Queen Street’s hip vibe continues its westward journey
It was in the late ‘70S that a previously unlovely and unremarkable stretch of Queen Street, east of Spadina, began to emerge as the raucous, rebellious heart of a local punk scene and vibrant arts community.
That’s when Myrlene Sundberg, a young interior designer, and John Palchinski, a painter, decided it was the perfect spot to open Urban Mode, a tiny, funky store that sold gifts, children’s toys, cards and accessories.
As time marched on, gentrification reared its well-groomed head, and the duo watched picturesque second-hand shops, storefronts for young designers and quaint little boîtes being replaced with mass merchants of fashion and furniture, and fast-food chains.
Sundberg started looking west with envy. “I kept saying to John, that’s where it’s cool now, with all the great little shops, while our area was becoming like an outdoor mall,” she says.
In 1995, they moved to a new location at 145 Tecumseh Avenue, west of Bathurst and south of Queen—kitty corner to the historic Ukrainian Baptist Church, which opened its doors at Tecumseh Avenue and Richmond Street in 1897 as the Memorial Baptist Church.
Since then, Urban Mode has become a destination for designers, architects and homeowners looking for beautiful, well-made contemporary design.
It’s a fun place to visit, turning a very handsome face to the street with a tidy prefab addition knitted on to what used to be a glass-fronted, three-bay garage.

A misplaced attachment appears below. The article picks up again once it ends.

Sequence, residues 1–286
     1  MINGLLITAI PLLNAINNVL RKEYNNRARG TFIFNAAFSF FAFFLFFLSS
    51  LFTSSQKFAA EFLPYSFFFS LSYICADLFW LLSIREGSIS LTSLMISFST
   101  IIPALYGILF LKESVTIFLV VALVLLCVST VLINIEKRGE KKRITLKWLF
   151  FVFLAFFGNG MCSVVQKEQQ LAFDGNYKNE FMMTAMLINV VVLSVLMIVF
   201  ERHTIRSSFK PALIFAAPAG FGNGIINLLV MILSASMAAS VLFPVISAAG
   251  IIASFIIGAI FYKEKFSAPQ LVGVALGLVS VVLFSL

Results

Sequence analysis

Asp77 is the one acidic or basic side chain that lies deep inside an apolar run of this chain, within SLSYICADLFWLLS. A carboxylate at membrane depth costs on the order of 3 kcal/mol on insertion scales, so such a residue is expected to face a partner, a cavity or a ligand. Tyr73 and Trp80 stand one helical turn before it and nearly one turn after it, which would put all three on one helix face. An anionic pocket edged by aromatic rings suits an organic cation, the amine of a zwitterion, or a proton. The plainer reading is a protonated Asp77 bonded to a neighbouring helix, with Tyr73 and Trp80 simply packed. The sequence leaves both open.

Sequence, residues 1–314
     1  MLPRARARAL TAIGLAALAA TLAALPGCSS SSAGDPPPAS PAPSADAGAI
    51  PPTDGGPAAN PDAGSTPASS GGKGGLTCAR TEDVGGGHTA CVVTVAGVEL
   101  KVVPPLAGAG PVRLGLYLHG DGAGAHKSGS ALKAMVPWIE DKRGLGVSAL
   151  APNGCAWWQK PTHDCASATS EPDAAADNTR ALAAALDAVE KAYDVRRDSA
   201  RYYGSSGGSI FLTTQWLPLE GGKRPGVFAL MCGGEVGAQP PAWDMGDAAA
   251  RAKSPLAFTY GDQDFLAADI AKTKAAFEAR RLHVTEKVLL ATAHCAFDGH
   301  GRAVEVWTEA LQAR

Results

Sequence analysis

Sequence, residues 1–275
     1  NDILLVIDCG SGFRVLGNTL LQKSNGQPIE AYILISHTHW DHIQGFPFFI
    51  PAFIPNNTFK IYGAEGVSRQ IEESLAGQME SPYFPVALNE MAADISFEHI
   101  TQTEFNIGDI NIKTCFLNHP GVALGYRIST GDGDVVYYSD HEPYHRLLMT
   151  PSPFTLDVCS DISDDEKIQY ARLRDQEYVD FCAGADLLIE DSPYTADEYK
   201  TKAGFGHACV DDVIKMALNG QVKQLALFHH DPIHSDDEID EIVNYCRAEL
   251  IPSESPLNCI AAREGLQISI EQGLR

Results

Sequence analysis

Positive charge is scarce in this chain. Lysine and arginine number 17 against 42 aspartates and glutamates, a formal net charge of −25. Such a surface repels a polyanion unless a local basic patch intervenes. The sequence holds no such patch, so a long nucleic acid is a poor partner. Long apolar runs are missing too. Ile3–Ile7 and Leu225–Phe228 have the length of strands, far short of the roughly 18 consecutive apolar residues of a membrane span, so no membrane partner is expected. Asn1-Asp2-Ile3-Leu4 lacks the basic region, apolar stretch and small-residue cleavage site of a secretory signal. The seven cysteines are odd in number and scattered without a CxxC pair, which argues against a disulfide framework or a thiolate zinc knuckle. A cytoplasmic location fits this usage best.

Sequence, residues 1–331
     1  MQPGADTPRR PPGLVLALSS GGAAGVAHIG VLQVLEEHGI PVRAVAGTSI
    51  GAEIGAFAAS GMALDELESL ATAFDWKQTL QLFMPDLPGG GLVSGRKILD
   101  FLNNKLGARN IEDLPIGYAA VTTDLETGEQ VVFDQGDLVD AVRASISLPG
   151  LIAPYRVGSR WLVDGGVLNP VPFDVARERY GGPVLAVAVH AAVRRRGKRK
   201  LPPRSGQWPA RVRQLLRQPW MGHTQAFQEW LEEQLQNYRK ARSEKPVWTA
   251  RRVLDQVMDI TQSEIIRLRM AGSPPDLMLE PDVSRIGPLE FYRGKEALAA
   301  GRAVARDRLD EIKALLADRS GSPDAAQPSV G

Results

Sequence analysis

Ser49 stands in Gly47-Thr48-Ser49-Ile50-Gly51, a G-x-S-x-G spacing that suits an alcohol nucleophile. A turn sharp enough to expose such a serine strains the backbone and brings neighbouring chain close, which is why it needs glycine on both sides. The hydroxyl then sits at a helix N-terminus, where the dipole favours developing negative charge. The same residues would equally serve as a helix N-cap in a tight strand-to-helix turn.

Light spills into a gallery-like space filled with furniture, art, and accessories from such brands as Chilewich, Modfire and Pablo Lighting. It’s also the go-to spot in Toronto for wares from Blu Dot Furniture, the much-respected Minneapolis-based designer and maker of modern home furnishings.
Most recently, Sundberg has been adding stars of Scandinavian design to the mix. There’s Muuto, (it means “fresh perspective” in Finnish), which focuses on the enduring esthetics, functionality, and craftsmanship found in Scandinavian design, and Softline, a global brand out of Denmark that collaborates with international designers.
Another Danish company, Normann Copenhagen, creates furniture, sculptural lighting, textiles and home accessories that are both timeless and contemporary.
There’s no arguing, of course, that change hasn’t also come to Queen West. Lots of it has been good. The Centre for Addiction and Mental Health, for example, underwent a massive renovation and expansion that includes affordable housing, retail, and treatment facilities for those with addictions and mental illness.
The independent streak remains, represented by retailers such as Quasi Modo, which also sells modern furniture and quirky vintage pieces.
Sundberg loves the vibrant nature of the strip and the mix of retail and restaurants: when she needs a hit of coffee, she ventures over to Jimmy’s at 735 Queen West.
“I love that there’s no attitude, and they make a great Chai tea.” For excellent pizza, she recommends Terroni at 720 Queen West. “If, that is, you can stand the noise!” she says.
One place Sundberg and her husband keep going back to is Le Select Bistro, the lovely French bistro nearby at Wellington and Spadina. “It’s always perfect, and never disappoints.” Just like, some might say, a visit to Urban Mode.
Photography By : Who Do You Love Photography